As winter approaches, an exclusive Golf Club hires a Multinational biotech whose "revolutionary" fertilizer melts the snow and genetically modifies the grass so its affluent members can play golf all year round. The result is the contamination of the water which ultimately transforms most of the residents into Zombies. One of the few survivors, teenage boy André, watches as the infection rapidly spreads, leaving him alone with his baby sister Annie. Along with Dan, the community security guard and self-proclaimed survivalist, they embark on an adventure that takes them to the source of the contamination. In a race against the clock, they band together to find the cure before everyone they love turns into grass.

A group of film students take three unemployed actors to a disused motel in the Norwegian mountains to make zombie films.

Who needs capers in the middle of a zombie apocalypse? A waiter and his Mallorcan neighbor will answer this and other existential or perhaps not so existential questions.

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Just when Michael arrives in Berlin to visit his ex-girlfriend Gabi, a terrible virus starts spreading across the city at a rapid pace, turning people into mindless homicidal maniacs. Much to Michael's concern, Gabi's not home; instead, he meets Harper, a teenage plumber's apprentice at work in her apartment block. Together, they manage to barricade themselves when raging hordes of infected people swarm the building. Surrounded by these thirsty zombies, Michael and Harper have their hands full to survive - and it will take all of their ingenuity to make their way out to try and find Gabi.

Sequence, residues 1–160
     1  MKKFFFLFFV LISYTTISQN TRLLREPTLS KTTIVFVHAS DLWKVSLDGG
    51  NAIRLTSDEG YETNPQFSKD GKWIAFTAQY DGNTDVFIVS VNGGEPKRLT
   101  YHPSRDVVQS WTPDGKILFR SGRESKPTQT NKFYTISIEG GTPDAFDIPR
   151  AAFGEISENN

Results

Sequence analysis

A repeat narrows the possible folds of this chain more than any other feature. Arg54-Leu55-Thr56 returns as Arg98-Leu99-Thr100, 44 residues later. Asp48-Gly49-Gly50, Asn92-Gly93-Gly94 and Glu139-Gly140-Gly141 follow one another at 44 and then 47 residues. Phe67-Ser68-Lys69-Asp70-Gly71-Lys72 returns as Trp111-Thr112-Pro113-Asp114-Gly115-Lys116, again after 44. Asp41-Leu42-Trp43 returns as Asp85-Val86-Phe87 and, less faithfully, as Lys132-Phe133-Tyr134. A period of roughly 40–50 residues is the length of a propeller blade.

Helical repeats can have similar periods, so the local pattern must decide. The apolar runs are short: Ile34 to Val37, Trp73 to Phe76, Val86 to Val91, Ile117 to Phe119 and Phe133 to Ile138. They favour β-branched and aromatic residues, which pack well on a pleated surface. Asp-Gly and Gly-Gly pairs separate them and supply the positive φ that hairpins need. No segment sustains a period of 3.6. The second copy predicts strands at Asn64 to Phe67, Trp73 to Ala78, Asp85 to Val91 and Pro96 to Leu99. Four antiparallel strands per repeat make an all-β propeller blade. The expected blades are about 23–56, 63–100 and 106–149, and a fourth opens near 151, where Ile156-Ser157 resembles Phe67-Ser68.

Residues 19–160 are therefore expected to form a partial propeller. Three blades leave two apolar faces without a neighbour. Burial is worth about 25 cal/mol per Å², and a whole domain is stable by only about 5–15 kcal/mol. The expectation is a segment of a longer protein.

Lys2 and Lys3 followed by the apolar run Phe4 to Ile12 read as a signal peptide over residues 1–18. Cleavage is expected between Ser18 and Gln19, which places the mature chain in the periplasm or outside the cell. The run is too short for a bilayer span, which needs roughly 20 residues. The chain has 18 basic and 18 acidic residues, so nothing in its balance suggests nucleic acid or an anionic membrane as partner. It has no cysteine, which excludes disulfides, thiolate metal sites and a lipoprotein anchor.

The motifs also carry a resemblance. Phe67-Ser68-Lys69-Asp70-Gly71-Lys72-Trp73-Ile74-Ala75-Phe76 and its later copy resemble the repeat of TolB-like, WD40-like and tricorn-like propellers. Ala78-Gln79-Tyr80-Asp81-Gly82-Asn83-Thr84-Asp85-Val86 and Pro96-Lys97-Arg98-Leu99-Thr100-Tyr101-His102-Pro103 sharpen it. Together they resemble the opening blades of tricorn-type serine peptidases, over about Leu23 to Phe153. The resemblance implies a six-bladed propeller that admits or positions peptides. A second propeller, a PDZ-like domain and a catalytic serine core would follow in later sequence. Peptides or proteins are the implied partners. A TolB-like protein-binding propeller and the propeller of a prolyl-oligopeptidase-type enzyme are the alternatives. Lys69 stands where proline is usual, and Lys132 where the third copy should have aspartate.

In 1965, three years before the release of George A. Romero's Night of the Living Dead, in Tucumán, director Ofelio Linares Montt shot Zombies in the Sugar Cane Field, a horror film with strong politi- cal allegories. The film opened in the us to great success, but when it was time for its Argentine release, in the midst of Onganía's regime, things went south and all trace of the film was lost. Following Lu- ciano Saracino, a writer in search for the film's original screenplay, Schembri's documentary researches the steps of this cursed classic, with a few surviving images and testimonies of critics, filmmakers and the beloved Isabel Sarli. At the end, an idea is summoned: aren't there too many "coincidences" between Linares Montt's and George A. Romero's films?